Following the Second World War, the Church realized the dire threat posed by communist expansion across Europe. Pope Pius XII, following his behind the scenes efforts to stop Hitler (for concrete evidence, see Mark Riebling’s Church of Spies: The Pope’s Secret War Against Hitler), spearheaded efforts to stop Italy from being taken over by communists, which only narrowly succeeded. His predecessor, Pius XI, had already taught that “religious socialism, Christian socialism are contradictory terms, for no one can be, at the same time, a good Catholic and true socialist.” Pius XII, therefore, clarified that anyone who joined the Communist Party or advocated for communism was automatically excommunicated from the Church. No good Christian could support a materialist philosophy bent on the destruction of religion and the extermination of human rights and dignity.

Not another chance

Further to the East, one young man, a future champion of human rights against a culture of death, Karol Wojtyła, was ordained a priest on November 1, 1946, shortly after the alleged “liberation” of Poland from Nazi occupation. In reality, the Soviets completely subjugated Poland, unsuccessfully sought to stamp out the Catholic Church, tried to break up family life through state control of children, and turned the nation into a police state. Father Wojtyła would go on to champion the rights of Poles as Archbishop of Krakow and would galvanize the nation to fight for Eastern Europe’s first free labor union, the Solidary Movement, that would become its first free political party as well. Eastern Europe’s economy and social life were destroyed by Communism, but, after his election as Pope John Paul II, Wojtyła led a revolution of conscience that would take down the entire Soviet Union. This peaceful effort was aided by leaders who stood up for human rights, such as Ronald Regan and Margaret Thatcher, as well as writers such as the novelist Aleksandr Solzhenitsyn, who would write of his experience in the Gulag, and the poet Václav Havel, who would go on to serve as the first free President of the Czech Republic.

Even as the Soviet Union headed into decline, Russia’s errors continued to spread with millions of murders in Cambodia, terrible civil wars in Korea and Vietnam, the disastrous revolution in Cuba that destroyed a nation, many dictatorships in African and Latin American nations, and the failed socialist state of Venezuela. Communist atrocities continue at this very moment in China, with over a million ethnic Uighur Muslims in concentration camps, who face genocide and cultural and religious extermination, the bulldozing of Christian churches and the continued persecution of faithful Catholic priests and bishops, their longstanding violent population control such as the One Child Policy, as well as the undoing of human rights in Hong Kong. As China ruthlessly dominates its own country, it also jockeys for center stage in the world economy and political life using deception and its enormous economy for leverage.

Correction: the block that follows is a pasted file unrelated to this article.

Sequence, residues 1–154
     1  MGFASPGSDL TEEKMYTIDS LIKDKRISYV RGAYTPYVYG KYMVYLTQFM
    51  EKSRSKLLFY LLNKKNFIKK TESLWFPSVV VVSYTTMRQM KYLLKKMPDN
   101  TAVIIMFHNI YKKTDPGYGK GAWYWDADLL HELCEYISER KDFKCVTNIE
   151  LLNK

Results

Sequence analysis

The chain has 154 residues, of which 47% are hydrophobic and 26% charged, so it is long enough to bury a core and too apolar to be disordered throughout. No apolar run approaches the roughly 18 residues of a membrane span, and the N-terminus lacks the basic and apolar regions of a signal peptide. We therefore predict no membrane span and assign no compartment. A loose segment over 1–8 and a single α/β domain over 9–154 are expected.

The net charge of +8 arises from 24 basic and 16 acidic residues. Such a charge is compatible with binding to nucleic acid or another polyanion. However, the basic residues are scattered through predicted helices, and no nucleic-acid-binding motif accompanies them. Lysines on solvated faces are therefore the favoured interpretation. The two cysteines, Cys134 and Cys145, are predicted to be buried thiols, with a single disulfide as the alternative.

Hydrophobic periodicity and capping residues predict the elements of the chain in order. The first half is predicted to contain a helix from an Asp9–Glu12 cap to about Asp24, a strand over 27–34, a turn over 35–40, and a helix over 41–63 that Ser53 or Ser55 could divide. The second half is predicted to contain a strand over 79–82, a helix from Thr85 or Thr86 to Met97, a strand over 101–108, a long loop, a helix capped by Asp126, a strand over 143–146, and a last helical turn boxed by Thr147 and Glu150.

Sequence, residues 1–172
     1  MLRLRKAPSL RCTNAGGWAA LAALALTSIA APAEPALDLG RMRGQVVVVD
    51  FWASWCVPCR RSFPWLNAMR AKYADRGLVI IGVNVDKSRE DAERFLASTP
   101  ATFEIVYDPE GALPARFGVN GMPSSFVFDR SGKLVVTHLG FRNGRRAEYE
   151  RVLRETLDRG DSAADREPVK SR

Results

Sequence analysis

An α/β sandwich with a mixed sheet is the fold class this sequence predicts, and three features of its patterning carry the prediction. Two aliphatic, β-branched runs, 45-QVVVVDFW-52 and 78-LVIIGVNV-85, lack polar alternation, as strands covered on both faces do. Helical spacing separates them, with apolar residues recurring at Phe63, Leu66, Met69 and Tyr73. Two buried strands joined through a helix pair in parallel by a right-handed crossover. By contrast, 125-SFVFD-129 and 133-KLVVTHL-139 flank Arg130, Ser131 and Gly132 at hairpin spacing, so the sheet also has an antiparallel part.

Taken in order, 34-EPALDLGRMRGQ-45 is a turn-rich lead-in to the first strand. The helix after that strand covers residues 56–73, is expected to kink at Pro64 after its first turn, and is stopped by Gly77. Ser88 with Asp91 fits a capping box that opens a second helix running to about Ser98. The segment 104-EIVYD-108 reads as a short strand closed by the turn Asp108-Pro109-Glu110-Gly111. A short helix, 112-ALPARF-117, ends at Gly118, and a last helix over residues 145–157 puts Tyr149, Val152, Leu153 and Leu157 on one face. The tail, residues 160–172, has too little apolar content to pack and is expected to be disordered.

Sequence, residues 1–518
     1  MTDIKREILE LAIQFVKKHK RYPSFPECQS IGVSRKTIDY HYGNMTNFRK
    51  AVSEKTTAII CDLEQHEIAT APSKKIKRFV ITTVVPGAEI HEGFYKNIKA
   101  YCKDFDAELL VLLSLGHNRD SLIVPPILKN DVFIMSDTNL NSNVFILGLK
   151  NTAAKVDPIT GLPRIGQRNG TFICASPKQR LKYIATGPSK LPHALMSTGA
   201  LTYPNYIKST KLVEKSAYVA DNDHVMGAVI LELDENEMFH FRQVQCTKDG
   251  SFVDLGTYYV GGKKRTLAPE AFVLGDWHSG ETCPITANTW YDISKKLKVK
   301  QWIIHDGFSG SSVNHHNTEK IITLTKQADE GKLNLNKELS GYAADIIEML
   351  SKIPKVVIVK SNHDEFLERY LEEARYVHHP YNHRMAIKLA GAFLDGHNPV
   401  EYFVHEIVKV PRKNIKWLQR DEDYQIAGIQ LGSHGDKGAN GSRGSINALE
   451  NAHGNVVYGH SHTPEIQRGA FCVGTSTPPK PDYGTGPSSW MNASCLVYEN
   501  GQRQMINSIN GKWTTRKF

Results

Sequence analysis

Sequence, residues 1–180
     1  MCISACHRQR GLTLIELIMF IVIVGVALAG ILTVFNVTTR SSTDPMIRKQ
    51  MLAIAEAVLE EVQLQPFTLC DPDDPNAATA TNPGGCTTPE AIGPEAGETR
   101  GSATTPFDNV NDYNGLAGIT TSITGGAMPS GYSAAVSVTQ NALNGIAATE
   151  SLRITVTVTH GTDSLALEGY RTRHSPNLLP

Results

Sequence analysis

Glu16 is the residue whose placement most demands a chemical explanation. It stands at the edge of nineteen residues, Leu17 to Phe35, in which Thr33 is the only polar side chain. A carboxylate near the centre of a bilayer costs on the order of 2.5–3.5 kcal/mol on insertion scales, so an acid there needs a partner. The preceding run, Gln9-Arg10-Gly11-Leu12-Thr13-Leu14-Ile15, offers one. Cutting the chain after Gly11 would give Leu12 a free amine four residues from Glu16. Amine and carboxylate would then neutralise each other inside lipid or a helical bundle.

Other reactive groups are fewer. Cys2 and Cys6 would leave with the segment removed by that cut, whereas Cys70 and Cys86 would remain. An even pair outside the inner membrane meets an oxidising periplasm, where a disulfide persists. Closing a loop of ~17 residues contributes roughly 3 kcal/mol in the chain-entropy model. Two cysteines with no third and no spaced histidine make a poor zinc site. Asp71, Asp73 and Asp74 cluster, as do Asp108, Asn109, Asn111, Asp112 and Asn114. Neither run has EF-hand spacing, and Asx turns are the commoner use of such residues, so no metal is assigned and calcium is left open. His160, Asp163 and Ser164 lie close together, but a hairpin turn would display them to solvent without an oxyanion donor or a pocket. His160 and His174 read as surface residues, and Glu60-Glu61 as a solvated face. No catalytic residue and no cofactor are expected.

With communism and socialism’s abysmal track record and chilling human rights record, how could anyone support this ideology? Anyone can see the results of Marx’s anti-Christian and anti-human ideas and, yet, they still find sympathy from many politicians, educators, and corporate leaders in the Western world. Even in the United States, we can see the effects of socialist ideas, especially in treating people like economic units, manifest in the subordination of the unborn and elderly to materialistic and economic concerns. Government continues to assert itself more and more into economic and social life, with massive spending, including corporate stimulus packages, reconstituting family life and sexuality, and surveillance of the daily life of its citizens. A number of states, such as California and New York, teeter near instability under financial and social pressures (even before COVID arrived), due to excessive government programs, excessive spending and taxation (which Marx advocated in his Manifesto), and intrusion into the life of its residents. Even at this moment, leading figures in one of our two major political parties openly advocate for socialism. Many politicians and corporations overlook China’s human rights record and allow it to steal technology that it uses against its own citizens and the world. Freedom of speech and religion face growing threats. The family faces growing pressure, even as many government programs, such as universal contraception and subsidies for Planned Parenthood, only further its decline. A major activist movement, alleging to support racial equality, describes itself as a socialist movement that seeks the abolishing of the family. The current unrest in the United States seeks to divide us in ways similar to Marx provocation of violent revolution.